Monday, September 18, 2006

Hooded Mergansers

Having watched some mergansers for the last several weeks, thinking them to be common mergansers, the change to fall/winter plummage has shown them to in fact be hooded mergansers. The change in plummage from a week ago is dramatic.

Sunday, September 17, 2006

Wood Duck and Greater Yellowlegs (not in the same place)

We went to walk at McClane Creek yesterday, but were pretty much rained out. We were there just long enought to see a pair of wood ducks in their winter plummage. Today I saw again a yellowlegs down by east bay at low tide.

Saturday, September 16, 2006


The double crested cormorant was taken from Titlow Beach in Tacoma on September 12th.

The greater yellowlegs was feeding by east bay this morning. We see more and more of both these birds lately, a teaser, perhaps, of some of the birds we may see in the coming months.

Friday, September 08, 2006

Gang of Red-Breasted Mergansers

Today I glanced out of the window and saw a splashing ruckus in the distance, so I walked down to the waterfront. Once there I could see several, eight as I later counted, juvenile red-breasted mergansers making a beeline for the area by the culvert that lets Moxlie Creek drain into East Bay. I sat on the grass and watched them splash about, catch fish, protect their catch, frustrate a heron's hunting, and generally have a good time for about twenty minutes. Included here are the best two pics.

Wednesday, September 06, 2006

Scrubjay Plus

Today was a great day to take a walk and, duly inspired by a pair of scrubjays in the yard, I did so. Here are a couple of pictures from it. The glaucous-winged gull is trying to crack a cockle on a walkway by the Olympia Yacht Club. In the main bowl of Capitol Lake was a bunch of American Coots.

Monday, September 04, 2006

Pictures From the Last Few Days

I haven't gotten a chance to just sit down in front of the computer the last few days so here are just a few pics from the last few days. The bald eagle was an amazing catch. I was walking one of the trails in nearby Priest Point park and as the trail turned left to a cliffside when I noticed the eagle in the tree ahead of me maybe twenty feet frm me. I was really startled at my proximity to the giant bird and managed to get but one picture of it before it expressed its startlement at me by flying away!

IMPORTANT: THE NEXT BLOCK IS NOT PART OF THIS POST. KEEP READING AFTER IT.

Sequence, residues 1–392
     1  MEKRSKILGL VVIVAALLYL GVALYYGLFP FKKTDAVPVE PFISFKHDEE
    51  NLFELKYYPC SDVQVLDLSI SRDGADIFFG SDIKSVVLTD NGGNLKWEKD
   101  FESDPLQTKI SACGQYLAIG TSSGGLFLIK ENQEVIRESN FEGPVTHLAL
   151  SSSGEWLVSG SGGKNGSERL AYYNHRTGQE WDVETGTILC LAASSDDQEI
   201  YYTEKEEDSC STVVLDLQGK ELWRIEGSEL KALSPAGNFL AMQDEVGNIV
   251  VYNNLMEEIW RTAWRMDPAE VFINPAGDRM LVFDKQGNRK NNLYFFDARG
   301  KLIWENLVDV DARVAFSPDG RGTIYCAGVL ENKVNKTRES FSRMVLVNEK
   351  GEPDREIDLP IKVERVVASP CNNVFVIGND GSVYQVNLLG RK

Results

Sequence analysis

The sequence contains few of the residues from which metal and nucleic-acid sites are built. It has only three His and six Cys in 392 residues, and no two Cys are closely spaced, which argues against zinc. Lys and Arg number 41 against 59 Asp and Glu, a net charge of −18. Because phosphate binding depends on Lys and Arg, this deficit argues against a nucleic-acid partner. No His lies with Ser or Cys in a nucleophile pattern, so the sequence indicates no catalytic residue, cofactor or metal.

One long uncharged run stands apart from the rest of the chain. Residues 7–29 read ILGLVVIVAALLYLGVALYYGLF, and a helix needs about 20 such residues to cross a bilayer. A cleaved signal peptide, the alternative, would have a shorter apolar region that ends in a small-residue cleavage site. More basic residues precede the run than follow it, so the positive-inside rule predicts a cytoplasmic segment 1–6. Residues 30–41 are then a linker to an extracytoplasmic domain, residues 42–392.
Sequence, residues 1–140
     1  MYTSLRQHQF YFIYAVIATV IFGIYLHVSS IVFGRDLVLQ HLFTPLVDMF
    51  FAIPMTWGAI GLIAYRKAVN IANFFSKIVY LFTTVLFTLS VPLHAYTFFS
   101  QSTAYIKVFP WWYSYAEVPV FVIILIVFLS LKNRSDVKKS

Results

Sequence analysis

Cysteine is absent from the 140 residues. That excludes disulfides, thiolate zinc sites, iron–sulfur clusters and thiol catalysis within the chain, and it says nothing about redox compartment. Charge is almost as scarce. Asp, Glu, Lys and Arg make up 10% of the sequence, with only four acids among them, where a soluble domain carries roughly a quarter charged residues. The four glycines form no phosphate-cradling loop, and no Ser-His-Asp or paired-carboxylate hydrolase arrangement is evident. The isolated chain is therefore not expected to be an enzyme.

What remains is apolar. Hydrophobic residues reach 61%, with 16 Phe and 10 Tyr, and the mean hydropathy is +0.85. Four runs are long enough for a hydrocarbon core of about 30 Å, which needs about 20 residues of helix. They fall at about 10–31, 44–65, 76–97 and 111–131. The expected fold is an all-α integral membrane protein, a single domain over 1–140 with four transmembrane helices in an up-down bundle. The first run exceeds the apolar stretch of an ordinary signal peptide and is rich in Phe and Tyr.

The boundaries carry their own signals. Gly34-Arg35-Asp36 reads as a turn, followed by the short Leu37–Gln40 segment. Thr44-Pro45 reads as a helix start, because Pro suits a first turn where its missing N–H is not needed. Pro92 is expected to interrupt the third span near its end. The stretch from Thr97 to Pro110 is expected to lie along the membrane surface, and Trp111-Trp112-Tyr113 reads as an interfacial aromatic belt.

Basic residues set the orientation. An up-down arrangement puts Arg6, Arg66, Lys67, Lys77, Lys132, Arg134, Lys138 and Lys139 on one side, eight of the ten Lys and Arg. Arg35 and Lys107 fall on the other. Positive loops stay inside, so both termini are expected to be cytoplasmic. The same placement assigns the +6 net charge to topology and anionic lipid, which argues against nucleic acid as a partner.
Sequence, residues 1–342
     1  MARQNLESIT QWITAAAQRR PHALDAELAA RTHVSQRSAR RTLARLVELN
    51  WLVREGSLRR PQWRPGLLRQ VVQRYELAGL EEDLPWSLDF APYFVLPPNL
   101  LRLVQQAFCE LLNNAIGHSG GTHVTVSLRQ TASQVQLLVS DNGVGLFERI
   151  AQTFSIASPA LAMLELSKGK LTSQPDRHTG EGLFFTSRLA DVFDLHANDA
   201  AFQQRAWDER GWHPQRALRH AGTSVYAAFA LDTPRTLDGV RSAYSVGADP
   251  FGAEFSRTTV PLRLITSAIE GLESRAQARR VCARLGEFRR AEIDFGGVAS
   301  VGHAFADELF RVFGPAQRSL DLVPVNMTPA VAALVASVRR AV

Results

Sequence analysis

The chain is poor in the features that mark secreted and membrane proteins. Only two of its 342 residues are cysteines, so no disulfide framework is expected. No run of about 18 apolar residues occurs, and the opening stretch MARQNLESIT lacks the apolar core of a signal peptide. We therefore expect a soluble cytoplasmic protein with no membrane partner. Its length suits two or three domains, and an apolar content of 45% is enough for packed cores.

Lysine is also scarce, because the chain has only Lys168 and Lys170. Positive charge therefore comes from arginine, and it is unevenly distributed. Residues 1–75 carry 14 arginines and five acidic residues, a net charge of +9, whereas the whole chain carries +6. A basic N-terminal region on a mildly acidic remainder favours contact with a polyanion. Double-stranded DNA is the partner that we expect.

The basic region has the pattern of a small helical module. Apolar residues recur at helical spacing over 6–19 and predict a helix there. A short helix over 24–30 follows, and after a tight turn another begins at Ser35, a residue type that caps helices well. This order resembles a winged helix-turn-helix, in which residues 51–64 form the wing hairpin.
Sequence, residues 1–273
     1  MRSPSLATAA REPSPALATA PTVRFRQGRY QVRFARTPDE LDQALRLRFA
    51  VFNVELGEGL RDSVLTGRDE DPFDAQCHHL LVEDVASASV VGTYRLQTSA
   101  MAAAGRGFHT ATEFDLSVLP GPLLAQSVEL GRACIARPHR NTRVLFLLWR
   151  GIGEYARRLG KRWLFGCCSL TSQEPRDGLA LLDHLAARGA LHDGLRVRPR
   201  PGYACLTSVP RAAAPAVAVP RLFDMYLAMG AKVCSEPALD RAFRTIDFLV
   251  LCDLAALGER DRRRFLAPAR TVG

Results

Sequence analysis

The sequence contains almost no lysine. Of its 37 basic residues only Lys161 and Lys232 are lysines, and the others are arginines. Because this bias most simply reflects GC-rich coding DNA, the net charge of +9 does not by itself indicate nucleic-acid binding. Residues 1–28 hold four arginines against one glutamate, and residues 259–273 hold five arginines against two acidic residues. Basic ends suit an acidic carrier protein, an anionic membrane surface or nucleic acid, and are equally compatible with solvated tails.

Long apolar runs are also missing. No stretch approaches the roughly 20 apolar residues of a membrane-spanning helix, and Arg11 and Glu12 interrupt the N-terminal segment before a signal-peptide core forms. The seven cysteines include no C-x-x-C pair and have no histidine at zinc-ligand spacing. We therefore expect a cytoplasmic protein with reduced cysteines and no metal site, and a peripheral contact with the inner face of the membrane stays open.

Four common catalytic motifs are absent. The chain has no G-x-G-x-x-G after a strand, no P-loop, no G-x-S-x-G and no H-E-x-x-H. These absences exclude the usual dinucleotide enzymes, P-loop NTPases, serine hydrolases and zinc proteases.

I couldn't resist uploading the pic of the three killdeer; they just make me smile.

Wednesday, August 30, 2006

Birding is a funny thing. Dana and I have only birding seriously since Christmas, which accounts for some of this, but today I was really excited when I was down by Capitol Lake to identify two spotted sandpipers (one of which is pictured here, already in winter plummage). These were a first for me, and like many peeps, they were small, cute and fun to watch. Upon reading up on them upon my return home, I noted from the field guide "The Birds of Washington State," by Brian H. Bell and Gregory Kennedy, that "apart from the ubiquitous Killdeer, the Spotted Sandpiper is perhaps North America's best-known and most easily identified shorebird." What's funny about all of this is that the thrill of seeing these charming birds for the first time was fantastic, and not in any way diminished by learning of their abundance. According to the distribution map, they winter in this part of the state which suggests these guys just showed up.
Also pictured is a great blue heron with a big fish in its throat, which I found very amusing.